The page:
Dependence of shear wave spectral content on acoustic radiation force excitation duration and spatial beamwidth

Conference Paper

Shear Wave Elasticity Imaging (SWEI) has become increasingly popular to non-invasively characterize liver fibrosis. Generating adequate shear wave displacements in human liver in vivo can be challenging, especially in the high Body Mass Index (BMI) population being evaluated for Non-Alcoholic Fatty Liver Disease (NAFLD). Technical approaches to improve ARF-induced displacements include (1) using more aggressive focal configurations to generate higher peak force amplitudes, and (2) increasing the duration of the acoustic radiation force excitation. Using finite element method (FEM) models of Gaussian ARF excitations of varying spatial extent and temporal duration, we have demonstrated that shear wave velocity spectra are affected by both the spatial distribution and temporal duration of acoustic radiation force shear wave excitation sources. Shear wave spectra can be affected by the ARF spatial extent in the orthogonal dimension, which can be important when lateral:elevation excitation beamwidth anisotropies exist as a function of depth. Shear wave spectral content differences in different stiffness media are minimized for tightly-focused ARF excitations when using longer excitation durations, decreasing from ∼60% for 100 μs excitations to ∼10% for 1.5 ms excitations. These absolute and relative differences are significantly reduced for broader excitations. We have demonstrated similar trends experimentally using tissue-mimicking phantoms.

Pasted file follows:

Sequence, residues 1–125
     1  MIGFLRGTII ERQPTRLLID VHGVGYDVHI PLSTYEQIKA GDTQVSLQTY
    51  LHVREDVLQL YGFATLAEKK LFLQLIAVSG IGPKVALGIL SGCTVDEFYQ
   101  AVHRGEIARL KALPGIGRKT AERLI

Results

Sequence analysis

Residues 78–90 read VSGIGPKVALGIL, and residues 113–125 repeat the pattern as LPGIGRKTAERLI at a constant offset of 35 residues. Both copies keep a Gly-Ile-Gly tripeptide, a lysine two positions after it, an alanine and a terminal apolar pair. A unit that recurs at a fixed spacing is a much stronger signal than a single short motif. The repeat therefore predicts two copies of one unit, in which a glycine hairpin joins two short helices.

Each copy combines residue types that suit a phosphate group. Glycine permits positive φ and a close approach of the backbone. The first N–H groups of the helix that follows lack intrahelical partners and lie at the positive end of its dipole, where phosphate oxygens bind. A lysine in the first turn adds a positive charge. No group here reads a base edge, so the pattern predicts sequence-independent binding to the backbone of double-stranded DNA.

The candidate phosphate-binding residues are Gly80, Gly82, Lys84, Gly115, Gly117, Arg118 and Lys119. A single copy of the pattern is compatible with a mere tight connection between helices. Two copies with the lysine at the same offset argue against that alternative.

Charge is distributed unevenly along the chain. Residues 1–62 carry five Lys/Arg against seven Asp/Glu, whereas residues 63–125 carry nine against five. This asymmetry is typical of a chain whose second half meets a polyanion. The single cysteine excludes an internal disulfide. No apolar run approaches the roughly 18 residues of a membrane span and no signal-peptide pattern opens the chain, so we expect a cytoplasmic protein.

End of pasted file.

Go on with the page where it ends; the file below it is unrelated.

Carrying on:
Full Text

Duke Authors

Cited Authors

  • Palmeri, ML; Deng, Y; Rouze, NC; Nightingale, KR

Published Date

  • October 20, 2014

Published In

Start / End Page

  • 1105 - 1108

Electronic International Standard Serial Number (EISSN)

  • 1948-5727

International Standard Serial Number (ISSN)

  • 1948-5719

International Standard Book Number 13 (ISBN-13)

  • 9781479970490

Digital Object Identifier (DOI)

  • 10.1109/ULTSYM.2014.0271

Citation Source

  • Scopus